LAHORE, Pakistan — Imran Khan, the charismatic cricket star-turned-opposition-leader, is brimming with newfound confidence.
With general elections expected in July, Mr. Khan made a spirited claim to lead the next government when he addressed thousands of his supporters who had gathered in the politically important city of Lahore a week ago. The rally kicked off the election season, and other political parties have begun campaigning around the country.
Mr. Khan — a populist with whose nationalist appeal rests in part on an anti-American platform — is the main challenger to the political party of former Prime Minister Nawaz Sharif, who was ousted last year by the Supreme Court after a corruption inquiry. Mr. Sharif was barred from holding public office, and he faces a verdict next month on corruption charges.
With Mr. Sharif looking at possible jail time, and several leaders of his party, the Pakistan Muslim League-Nawaz, ensnared in corruption investigations, Mr. Khan says his time has arrived. He presents himself as an alternative to what he calls a corrupt political elite, and says he will work to improve education, health and the environment.
His prospects have brightened in light of his warming ties with the military, which controls the main levers of power in Pakistan and has dominated foreign and security policies for decades. Mr. Sharif’s efforts to assert civilian control over the military during his last term failed, turning him into an intensely hated figure among the military establishment.
Mr. Khan, on the other hand, has no qualms about working with the military.
“I think a democratic government rules from moral authority,” Mr. Khan said in an interview at a party office in Lahore. “And if you don’t have moral authority, then those who have the physical authority assert themselves. In my opinion, it is the Pakistan Army and not an enemy army. I will carry the army with me.”
In recent months, the army chief, Gen. Qamar Javed Bajwa, has increased his clout, while dissenting voices in the country have come under greater pressure and restrictions on the media have increased.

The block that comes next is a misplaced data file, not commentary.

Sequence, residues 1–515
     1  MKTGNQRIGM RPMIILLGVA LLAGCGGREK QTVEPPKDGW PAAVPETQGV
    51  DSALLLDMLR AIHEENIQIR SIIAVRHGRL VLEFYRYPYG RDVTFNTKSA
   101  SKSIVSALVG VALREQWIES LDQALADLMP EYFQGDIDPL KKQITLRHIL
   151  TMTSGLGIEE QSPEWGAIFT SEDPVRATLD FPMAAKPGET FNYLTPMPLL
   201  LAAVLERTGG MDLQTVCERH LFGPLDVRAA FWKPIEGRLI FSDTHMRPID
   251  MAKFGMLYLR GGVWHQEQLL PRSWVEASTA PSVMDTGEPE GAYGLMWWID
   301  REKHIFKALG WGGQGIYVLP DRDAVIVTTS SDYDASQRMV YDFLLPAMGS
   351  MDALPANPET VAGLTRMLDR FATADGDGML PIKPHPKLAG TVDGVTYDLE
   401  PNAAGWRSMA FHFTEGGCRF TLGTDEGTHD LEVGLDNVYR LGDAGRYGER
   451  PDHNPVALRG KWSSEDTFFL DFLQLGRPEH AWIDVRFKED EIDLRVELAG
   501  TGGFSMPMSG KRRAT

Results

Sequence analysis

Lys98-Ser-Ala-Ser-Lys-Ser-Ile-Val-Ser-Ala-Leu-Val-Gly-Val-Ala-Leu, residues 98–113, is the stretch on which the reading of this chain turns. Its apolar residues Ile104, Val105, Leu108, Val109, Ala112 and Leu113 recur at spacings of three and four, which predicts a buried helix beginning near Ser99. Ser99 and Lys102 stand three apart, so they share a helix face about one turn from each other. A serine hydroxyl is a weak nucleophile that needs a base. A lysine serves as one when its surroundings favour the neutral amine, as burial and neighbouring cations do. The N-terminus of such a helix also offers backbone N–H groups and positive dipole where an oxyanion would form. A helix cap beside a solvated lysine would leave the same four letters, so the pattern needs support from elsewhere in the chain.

Mr. Sharif has accused the army and judiciary of working together to have him removed from office, depriving his party of a level playing field in the general elections. Both the military and the judiciary deny the allegations, which Mr. Sharif repeated last week at a rally in Punjab Province.
In the coming election, the Pakistan Muslim League-Nawaz party “will be up against forces that cannot be seen,” Mr. Sharif said, in a veiled reference to the military’s intelligence agencies.
Hasan Askari Rizvi, an analyst based in Lahore, said Mr. Khan’s political stock has risen as his relationship with the military has gotten closer.
“Imran has realized that if you want to run Pakistan, you have to work with the military because of the internal and external challenges,” Mr. Rizvi said. “By fighting with the military, you cannot run the state.”
Those relations have improved despite Mr. Khan’s long opposition to the military’s operations against Taliban insurgents in the tribal regions bordering Afghanistan and its cooperation with the United States.
“I hear all this stuff about how the army is influential in Pakistan. The army depends on one man. Whoever is the army chief, the army policy goes the way of the army chief,” Mr. Khan said in the interview.
Mr. Khan then praised General Bajwa.
“It’s the first time that I am seeing an army chief saying time and again that ‘I will ensure free and fair elections,’ which is the one thing that we want. That’s all I want. This is music to our ears.”
Mr. Khan blames what he calls the corrupt and inept civilian leadership of the past for the imbalance in civilian and military relations. He is also critical of neighboring India and Afghanistan, saying their hostility toward Pakistan forces the military to play an outsize role in the country.
With adversarial neighbors, “clearly, the military will have a bigger say in the security policy,” he said. “But I don’t blame the army. I blame the most corrupt governments whose main concern has only been making corrupt money and protecting the corrupt money. They could easily have taken a more assertive role in foreign policy.”
He added: “I have very clear foreign policy objectives, and where there are security concerns of the army, we will address them. We will sit down. It is our army.”
Mr. Khan has been a bitter critic of the United States, and in recent years, the Pakistan military has also veered away from its traditionally close ties with the United States, looking toward China and Russia.
Critics say Mr. Khan is pandering to the military.
Maryam Nawaz, the daughter and political heir apparent of the ousted prime minister, goes as far as calling Mr. Khan a “stooge” and “pawn” of the military and its intelligence agencies. Mr. Khan dismisses such criticism.
In the last elections, in 2013, Mr. Khan’s party won 33 of the 342 seats in the National Assembly. But he remained the key opposition figure, keeping Mr. Sharif off balance through a mix of street agitation and court petitions, which finally led to Mr. Sharif’s dismissal last July.
“I think we should take Imran Khan much more seriously this time,” said Zaigham Khan, a political analyst and newspaper columnist. “He is not alone.”
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